The MFP Federation had been envisioned along the lines of a cooperative. In 1988, a three-tier cooperative structure for the tendu trade was established to promote people to take over the trade. In 1998, an executive order was passed in MP to implement the Provisions of Panchayats (Extension to Scheduled Areas) Act, 1996 (PESA). Under this, the net profit of the tendu trade was to be returned as bonus to the collectors, the 'owners' of MFP under PESA. Now, 50 per cent of the net profit goes directly to the gatherers, 30 per cent to the primary cooperative societies (to be distributed in proportion to the leaves collected), and the remaining 20 per cent is used for the purpose of regenerating forests.
The nationalisation of tendu in MP was indeed a success in that it improved the economic lot of the primary gatherers. Orissa, by contrast, does not pass on the profits from the tendu trade to the gatherers. But even in MP, neither the cooperative structure nor the provisions of PESA were implemented truly. The MFP Federation became a cash cow, and the government didn't want to give up control over it. Till date, the administrative control of the cooperative structure is with the forest department, be it the primary societies at the village level, the district-level societies, or the state-level society. In fact, 18 years since its creation, the members of the state-level coordinating body are nominated, not elected.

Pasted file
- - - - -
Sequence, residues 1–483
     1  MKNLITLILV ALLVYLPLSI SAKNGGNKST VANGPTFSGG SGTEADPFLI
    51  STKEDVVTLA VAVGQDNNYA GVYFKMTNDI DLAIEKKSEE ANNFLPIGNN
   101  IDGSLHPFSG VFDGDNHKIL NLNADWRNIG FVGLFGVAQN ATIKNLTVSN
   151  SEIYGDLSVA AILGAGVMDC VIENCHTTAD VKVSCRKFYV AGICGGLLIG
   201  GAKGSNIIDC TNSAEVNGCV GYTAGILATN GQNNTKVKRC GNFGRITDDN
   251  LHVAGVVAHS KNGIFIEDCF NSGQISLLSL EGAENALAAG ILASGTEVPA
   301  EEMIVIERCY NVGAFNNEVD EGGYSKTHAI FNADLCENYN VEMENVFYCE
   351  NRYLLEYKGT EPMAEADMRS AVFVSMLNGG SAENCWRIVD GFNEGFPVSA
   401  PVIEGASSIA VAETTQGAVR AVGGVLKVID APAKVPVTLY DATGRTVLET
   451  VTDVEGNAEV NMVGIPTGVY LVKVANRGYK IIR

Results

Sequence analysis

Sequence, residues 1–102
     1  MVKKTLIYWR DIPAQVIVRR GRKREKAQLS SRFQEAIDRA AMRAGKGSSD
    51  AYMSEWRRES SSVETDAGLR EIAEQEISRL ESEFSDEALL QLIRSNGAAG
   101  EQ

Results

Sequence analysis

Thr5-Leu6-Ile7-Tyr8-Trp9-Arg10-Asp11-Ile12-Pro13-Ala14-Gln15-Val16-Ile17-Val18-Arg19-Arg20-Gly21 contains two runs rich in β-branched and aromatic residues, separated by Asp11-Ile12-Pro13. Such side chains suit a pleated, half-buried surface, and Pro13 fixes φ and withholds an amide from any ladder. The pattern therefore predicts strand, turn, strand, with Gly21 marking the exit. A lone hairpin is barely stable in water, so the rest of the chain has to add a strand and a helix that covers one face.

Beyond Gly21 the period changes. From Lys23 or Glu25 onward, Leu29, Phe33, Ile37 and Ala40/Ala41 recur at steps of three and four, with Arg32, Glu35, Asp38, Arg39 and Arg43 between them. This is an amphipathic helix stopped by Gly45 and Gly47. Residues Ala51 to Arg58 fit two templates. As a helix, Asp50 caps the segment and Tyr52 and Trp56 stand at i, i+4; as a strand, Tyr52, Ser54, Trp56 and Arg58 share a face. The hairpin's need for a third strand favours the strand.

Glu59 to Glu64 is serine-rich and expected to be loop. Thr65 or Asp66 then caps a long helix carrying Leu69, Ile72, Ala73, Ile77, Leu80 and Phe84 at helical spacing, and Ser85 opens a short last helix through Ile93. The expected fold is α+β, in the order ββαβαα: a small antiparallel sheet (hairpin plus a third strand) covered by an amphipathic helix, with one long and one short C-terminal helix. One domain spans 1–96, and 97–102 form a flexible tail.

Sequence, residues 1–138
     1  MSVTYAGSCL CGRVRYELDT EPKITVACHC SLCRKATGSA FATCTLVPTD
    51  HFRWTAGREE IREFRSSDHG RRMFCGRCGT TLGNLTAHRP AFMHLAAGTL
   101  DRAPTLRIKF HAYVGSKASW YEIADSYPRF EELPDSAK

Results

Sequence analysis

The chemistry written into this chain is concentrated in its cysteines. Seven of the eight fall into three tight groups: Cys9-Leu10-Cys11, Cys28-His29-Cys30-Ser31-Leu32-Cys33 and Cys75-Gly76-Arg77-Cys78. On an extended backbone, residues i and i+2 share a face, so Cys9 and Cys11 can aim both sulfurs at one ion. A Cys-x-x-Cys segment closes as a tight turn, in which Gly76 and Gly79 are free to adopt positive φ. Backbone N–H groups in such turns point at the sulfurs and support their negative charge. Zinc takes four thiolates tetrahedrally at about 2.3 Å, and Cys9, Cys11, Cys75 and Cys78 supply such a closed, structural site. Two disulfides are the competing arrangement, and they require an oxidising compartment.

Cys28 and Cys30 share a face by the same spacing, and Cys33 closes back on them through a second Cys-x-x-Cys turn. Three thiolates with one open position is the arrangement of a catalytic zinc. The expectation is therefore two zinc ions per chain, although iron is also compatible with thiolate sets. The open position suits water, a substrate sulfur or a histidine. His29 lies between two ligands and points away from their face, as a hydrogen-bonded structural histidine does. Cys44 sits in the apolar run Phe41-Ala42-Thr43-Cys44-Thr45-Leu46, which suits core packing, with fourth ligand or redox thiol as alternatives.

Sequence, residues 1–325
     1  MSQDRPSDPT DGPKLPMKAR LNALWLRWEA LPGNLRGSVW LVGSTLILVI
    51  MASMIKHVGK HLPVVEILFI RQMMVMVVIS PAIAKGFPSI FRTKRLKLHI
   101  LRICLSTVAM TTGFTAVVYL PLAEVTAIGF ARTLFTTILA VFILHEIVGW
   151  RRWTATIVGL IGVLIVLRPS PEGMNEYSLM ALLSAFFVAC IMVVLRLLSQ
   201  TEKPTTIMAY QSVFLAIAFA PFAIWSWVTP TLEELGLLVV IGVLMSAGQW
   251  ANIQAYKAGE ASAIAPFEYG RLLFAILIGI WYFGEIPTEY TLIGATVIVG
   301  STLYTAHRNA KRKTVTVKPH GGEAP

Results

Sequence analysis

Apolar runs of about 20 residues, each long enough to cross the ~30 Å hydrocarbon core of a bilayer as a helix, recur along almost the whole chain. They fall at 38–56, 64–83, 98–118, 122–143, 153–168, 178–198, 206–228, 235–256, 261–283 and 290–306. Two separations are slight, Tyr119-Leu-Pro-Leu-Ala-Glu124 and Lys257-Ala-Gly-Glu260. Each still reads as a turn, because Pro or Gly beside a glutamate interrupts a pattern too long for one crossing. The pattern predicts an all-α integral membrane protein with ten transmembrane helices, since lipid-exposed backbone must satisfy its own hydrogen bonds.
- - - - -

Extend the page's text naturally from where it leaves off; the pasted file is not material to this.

"No village committee can handle a trade of more than Rs 200 crore. The nationalisation is merely to help people sell the produce. If the government gives up all control, market forces would take over, and things would revert to what they were in the 1960s," says K K Chakravarty, forest secretary of Chhattisgarh. But the fact is that nationalisation has created its own problems, such as a declining growth rate of the collection after a rise in the 1980s (see table: Lessons of a leaf).
The bad news for the tendu trade is that the bidi industry is declining. "Bidi is losing popularity to the tobacco gutkha. Our business is dying a slow death," says Ghanshyam Garg, president of the All India Tendu Patta Traders' Association (see graph: Sunset industry). The association itself has almost closed shop. As part of their future plan, the MFP federations of both MP and CG have started diversifying into other areas - the problem is that there is no other MFP that has a demand and market as stable as that of tendu. The leaf that launched a thousand political careers is losing importance.
|Lessons of a leaf
Tendu collection in Madhya Pradesh
|Collection per year
(million standard bags)
|Source: Ram Prasad et al 1996, as sited in Ram Prasad 1999, Non-wood Forest Products and Income Generation, Food and Agriculture Organization of the United Nations, Rome, March, http://www.fao.org/docrep/x2450e/x2450e0c.htm